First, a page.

February 27, 2004

Dean Flacks For The Party

Howard Dean, who built his doomed Presidential campaign on being a firebrand outsider to the Democratic establishment, went out on the road to make sure no one took him too seriously: In his first public appearance since dropping out of the presidential race last week, Howard Dean thanked his supporters Thursday night and urged them to stay with the Democratic Party and "not to be tempted by independent or third-party candidates." ... [H]e urged his supporters to back the eventual Democratic nominee and described his plans to continue influencing the race from the outside. Go inside while I go outside? It almost sounds like a covert operation; perhaps Dean is cooking up something for the convention? If anyone still cared about Dean, it might make an interesting story. How does this message go down with the True Believers? Overall, they accept reality at the official Dean blog, but they're not...

March 1, 2004

Dean Campaign a Civil War: Post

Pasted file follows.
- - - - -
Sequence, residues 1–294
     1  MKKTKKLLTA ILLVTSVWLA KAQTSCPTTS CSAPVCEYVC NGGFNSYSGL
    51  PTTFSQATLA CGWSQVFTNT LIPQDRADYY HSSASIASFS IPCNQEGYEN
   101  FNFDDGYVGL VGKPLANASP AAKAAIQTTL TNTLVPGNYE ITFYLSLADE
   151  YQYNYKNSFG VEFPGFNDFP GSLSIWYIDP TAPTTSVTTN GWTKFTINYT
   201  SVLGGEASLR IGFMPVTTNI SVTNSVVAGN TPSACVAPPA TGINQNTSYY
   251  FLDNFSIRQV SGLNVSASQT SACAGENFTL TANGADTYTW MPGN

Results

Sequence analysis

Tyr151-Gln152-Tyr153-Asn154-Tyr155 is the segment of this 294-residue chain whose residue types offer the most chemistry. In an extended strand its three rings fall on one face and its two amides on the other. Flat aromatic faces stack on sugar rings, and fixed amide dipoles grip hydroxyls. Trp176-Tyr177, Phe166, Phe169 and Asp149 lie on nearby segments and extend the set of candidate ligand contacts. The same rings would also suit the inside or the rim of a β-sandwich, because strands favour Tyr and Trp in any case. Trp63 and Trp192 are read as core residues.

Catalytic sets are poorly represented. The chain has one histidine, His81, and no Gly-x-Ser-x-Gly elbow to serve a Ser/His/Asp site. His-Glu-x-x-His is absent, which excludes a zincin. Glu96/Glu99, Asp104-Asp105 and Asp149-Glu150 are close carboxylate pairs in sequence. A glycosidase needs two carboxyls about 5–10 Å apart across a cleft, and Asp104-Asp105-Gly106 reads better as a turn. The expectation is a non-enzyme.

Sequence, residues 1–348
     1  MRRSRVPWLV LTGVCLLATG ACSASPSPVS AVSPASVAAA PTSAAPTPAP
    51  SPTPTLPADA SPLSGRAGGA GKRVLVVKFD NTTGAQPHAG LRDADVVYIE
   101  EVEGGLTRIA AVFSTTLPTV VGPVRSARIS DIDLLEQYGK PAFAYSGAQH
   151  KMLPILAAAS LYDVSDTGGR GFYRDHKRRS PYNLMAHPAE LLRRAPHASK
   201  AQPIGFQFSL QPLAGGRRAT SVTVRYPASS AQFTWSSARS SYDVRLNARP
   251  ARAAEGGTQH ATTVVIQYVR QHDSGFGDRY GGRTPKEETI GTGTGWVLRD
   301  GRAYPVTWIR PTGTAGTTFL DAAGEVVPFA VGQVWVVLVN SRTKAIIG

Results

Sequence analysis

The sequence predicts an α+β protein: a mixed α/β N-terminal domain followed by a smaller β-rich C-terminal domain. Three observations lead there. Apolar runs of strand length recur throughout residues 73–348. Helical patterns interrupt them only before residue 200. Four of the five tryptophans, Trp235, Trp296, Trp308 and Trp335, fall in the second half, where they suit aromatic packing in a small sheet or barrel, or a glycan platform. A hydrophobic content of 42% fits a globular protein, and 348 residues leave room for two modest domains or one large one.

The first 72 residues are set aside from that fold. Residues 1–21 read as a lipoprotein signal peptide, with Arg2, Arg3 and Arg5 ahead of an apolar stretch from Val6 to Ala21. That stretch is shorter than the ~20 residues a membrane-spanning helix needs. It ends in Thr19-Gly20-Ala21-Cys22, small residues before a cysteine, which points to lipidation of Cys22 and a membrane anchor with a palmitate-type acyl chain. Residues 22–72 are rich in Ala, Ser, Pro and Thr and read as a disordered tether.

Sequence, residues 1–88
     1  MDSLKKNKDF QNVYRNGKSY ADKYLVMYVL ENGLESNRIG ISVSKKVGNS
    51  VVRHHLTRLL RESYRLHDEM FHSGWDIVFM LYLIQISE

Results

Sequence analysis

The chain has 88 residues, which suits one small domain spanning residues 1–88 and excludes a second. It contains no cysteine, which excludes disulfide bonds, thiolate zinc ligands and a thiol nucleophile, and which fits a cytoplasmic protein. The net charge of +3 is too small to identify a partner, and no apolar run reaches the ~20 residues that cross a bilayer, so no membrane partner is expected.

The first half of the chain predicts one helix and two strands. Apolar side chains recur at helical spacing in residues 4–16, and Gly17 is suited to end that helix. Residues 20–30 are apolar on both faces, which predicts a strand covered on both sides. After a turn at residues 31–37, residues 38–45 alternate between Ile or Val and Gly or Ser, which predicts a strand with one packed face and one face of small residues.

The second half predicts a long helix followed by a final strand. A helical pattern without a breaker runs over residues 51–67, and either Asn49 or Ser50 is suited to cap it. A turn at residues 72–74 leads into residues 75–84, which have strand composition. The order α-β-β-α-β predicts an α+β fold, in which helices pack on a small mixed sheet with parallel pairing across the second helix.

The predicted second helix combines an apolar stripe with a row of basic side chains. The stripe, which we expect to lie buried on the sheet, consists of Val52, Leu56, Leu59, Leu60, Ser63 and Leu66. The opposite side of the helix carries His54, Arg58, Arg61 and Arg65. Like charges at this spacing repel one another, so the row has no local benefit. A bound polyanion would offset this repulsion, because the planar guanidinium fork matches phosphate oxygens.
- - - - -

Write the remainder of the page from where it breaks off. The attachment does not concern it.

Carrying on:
The Washington Post's Howard Kurtz wrote an extensive article on the Howard Dean campaign, revealing deep divisions within the ranks and a candidate afraid to win: In different conversations and in different ways, according to several people who worked with him, Dean said at the peak of his popularity late last year that he never expected to rise so high, that he didn't like the intense scrutiny, that he had just wanted to make a difference. "I don't care about being president," he said. Months earlier, as his candidacy was taking off, he told a colleague: "The problem is, I'm now afraid I might win." As Dean was swallowed by the bubble that envelops every major candidate, he allowed his campaign to sink into a nasty civil war that crippled decision-making and devastated morale. In the end, say some of those who uprooted their lives for him, these tensions hastened...